Book Reviews, Articles

May 11th, 2018

Book on play is research-based, practical

By New England Psychologist Staff

In “Play and Creativity in Psychotherapy,” Terry Marks-Tarlow, Marion Solomon, and Daniel J. Siegel demonstrate that play can have a significant role in the healing process. Taking the time to relearn how to play as an adult can help build resilience, creativity, and spontaneity for both clients and therapists. As children, it is natural to explore and use play as a way of learning. But as adults, we are supposed to be more serious. We are often overly concerned with how we appear to others, and too often move through life with the logical parts of our brains. Fortunately, it [More]

May 10th, 2018

Striking a Digital Balance

By John Grohol, Psy.D.

Technology is only going to keep invading the nooks and crannies of our life. We can help ourselves and our clients by treating it like a tool that needs our active guidance, instead of welcoming it passively into our lives as the enemy. Facebook, Instagram, Twitter – these are all services designed not only to gain your attention and brain cycles, but to keep it for as long as possible. They are designed from a neurocognitive perspective to take advantage of the stimulus-reward system – and they work wonderfully in keeping you captive. The solution to technologies designed to take [More]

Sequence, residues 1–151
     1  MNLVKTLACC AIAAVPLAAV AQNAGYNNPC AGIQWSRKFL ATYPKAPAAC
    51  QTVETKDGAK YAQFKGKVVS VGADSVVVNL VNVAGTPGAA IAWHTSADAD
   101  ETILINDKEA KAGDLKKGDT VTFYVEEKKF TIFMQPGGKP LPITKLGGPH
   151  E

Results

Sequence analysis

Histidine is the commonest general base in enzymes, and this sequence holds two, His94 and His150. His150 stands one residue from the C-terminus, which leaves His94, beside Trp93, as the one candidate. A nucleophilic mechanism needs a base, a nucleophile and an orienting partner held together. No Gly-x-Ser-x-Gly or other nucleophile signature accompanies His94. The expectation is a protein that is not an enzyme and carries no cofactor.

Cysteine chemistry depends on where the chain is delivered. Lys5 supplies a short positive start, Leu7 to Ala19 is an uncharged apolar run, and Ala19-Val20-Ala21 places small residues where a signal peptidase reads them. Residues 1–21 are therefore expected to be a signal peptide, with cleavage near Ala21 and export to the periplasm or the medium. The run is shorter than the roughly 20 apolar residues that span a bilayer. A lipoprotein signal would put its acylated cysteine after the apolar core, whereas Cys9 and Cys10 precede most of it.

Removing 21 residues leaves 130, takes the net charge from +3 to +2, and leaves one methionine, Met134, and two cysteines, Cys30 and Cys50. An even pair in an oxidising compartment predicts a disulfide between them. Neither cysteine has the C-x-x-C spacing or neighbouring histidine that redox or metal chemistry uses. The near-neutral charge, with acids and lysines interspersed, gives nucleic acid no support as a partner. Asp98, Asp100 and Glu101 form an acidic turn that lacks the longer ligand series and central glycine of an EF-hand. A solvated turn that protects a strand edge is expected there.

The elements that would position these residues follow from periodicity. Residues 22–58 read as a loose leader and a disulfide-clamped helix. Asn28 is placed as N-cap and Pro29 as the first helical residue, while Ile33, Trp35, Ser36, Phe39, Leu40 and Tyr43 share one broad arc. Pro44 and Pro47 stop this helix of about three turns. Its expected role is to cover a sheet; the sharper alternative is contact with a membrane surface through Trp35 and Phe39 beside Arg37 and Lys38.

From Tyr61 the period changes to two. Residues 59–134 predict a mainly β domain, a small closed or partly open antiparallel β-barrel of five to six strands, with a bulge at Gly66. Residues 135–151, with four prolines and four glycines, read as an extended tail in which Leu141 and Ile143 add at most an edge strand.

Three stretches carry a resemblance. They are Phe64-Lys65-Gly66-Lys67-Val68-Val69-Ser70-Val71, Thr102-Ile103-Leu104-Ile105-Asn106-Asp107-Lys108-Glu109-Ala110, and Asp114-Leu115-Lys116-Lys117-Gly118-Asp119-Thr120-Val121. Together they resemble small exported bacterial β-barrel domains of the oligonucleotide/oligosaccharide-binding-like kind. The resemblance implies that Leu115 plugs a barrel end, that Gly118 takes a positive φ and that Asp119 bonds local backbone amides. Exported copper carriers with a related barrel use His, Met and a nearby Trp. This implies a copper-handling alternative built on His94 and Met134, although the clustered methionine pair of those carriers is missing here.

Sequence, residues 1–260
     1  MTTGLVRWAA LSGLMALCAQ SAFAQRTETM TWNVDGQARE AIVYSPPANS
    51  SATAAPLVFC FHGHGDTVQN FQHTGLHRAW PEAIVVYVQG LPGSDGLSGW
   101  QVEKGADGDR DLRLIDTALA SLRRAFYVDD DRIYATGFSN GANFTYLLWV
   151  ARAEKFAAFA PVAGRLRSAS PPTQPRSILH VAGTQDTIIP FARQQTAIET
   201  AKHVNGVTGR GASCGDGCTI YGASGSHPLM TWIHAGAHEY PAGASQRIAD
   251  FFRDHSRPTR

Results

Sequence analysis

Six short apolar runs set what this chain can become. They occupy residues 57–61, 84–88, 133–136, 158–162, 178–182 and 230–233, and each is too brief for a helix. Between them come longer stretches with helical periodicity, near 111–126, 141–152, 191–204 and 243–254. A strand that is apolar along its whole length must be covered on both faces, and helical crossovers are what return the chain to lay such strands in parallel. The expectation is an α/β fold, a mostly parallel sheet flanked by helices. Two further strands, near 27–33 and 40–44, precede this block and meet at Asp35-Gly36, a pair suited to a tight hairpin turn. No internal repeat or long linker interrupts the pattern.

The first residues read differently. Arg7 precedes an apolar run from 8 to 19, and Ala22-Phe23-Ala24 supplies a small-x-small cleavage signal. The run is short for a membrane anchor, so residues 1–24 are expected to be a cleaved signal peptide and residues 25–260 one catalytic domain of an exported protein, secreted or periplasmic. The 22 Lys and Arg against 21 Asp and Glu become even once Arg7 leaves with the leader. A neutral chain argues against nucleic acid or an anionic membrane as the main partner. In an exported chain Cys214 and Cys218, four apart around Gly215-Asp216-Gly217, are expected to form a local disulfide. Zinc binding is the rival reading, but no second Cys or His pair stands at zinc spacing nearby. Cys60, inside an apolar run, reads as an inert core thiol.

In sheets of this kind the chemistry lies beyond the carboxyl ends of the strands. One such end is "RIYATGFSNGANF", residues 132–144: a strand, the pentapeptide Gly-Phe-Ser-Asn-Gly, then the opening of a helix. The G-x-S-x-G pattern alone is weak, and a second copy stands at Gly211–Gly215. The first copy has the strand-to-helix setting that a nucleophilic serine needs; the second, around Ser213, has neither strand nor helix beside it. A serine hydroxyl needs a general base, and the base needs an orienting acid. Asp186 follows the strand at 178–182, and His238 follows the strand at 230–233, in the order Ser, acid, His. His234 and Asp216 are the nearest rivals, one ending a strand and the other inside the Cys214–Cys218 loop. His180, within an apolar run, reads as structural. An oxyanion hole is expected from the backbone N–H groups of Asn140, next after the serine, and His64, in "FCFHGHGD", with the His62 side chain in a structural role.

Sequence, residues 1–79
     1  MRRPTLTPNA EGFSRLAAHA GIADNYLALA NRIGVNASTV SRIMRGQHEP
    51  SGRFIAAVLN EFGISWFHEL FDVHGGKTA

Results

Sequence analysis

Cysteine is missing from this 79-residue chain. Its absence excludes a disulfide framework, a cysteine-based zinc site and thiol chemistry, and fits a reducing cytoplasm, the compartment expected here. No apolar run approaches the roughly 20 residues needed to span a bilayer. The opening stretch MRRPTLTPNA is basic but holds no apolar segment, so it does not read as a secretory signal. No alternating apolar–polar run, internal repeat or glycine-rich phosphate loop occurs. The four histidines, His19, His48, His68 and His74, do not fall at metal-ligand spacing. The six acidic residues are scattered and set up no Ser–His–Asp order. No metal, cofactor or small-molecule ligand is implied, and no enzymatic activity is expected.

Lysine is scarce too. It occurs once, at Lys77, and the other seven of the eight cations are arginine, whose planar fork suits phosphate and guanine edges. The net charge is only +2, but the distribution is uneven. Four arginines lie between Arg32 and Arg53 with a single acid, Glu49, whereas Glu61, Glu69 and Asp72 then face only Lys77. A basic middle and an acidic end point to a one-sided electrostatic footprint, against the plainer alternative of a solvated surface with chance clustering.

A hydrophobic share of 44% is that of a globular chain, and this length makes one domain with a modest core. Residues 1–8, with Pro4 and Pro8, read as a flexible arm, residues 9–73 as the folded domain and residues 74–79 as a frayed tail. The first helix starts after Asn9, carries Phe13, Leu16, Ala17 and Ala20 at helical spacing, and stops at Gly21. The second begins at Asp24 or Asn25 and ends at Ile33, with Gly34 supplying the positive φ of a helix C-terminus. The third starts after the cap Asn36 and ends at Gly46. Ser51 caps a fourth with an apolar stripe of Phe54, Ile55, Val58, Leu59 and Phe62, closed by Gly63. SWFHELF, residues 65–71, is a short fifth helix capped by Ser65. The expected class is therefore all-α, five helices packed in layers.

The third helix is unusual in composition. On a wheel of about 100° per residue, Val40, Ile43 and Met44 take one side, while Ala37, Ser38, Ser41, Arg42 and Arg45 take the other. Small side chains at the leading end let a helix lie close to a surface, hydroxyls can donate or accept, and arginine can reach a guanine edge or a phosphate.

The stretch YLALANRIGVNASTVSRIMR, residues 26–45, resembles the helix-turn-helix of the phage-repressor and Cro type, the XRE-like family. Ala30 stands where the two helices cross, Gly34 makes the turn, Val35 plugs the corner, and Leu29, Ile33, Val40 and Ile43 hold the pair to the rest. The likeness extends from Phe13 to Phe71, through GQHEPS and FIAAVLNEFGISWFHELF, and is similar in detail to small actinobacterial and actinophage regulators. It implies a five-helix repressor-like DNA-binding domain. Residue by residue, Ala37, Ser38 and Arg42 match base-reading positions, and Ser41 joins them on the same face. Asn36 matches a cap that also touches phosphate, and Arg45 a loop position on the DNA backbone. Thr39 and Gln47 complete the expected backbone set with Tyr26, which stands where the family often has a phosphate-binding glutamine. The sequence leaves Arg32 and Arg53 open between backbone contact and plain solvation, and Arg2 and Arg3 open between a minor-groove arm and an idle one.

May 10th, 2018

Submitted for your approval, a reunion in the Twilight Zone

By Alan Bodnar Ph.D.

Our son and his wife were flying to Tokyo and we had just taken them to Newark airport. They were starting a 14-hour flight that would take them 11,000 miles from home, by any measure an enormous distance. I never suspected that a brief detour on our way back would take me even farther, not just to my childhood home but, through the corridors of memory, to the core of childhood itself. Neither did I expect that, when I arrived, I would be drawn to the house of a friend who, at that very moment a thousand miles away, was [More]

May 10th, 2018

Transitional housing bridges gap for people with mental illness

By Eileen Weber

For a number of years, New Hampshire Hospital, the only psychiatric hospital in the state, has been massively overcrowded with too many patients and not enough beds. Patients had little choice but to leave the hospital only to find themselves living on the streets or seeking treatment in already crowded emergency rooms. “There needs to be an array of treatment that used to exist,” said Ken Norton, M.D., executive director of the New Hampshire chapter of the National Alliance on Mental Illness. “Right now, when patients are discharged, there’s very little step-down.” That’s starting to change. Legislation was recently passed [More]

May 10th, 2018

Vertical development: How to grow personally, professionally

By New England Psychologist Staff

With the required continuing education for practitioners, a great deal of the available offerings focus on ethics, skills, modalities, or new information gleaned from research. One’s professional development can resemble graduate course work, and this type of learning can be predominantly informative or horizontal in nature. In addition, with the number of therapies in the hundreds and growing, and the demands for evidence-based practice, what seems lost is that three decades of empirical research finds that, other than pre-existing client characteristics, individual therapist differences and the therapeutic relationship are the most robust indicators of outcome. Therefore, it makes sense to [More]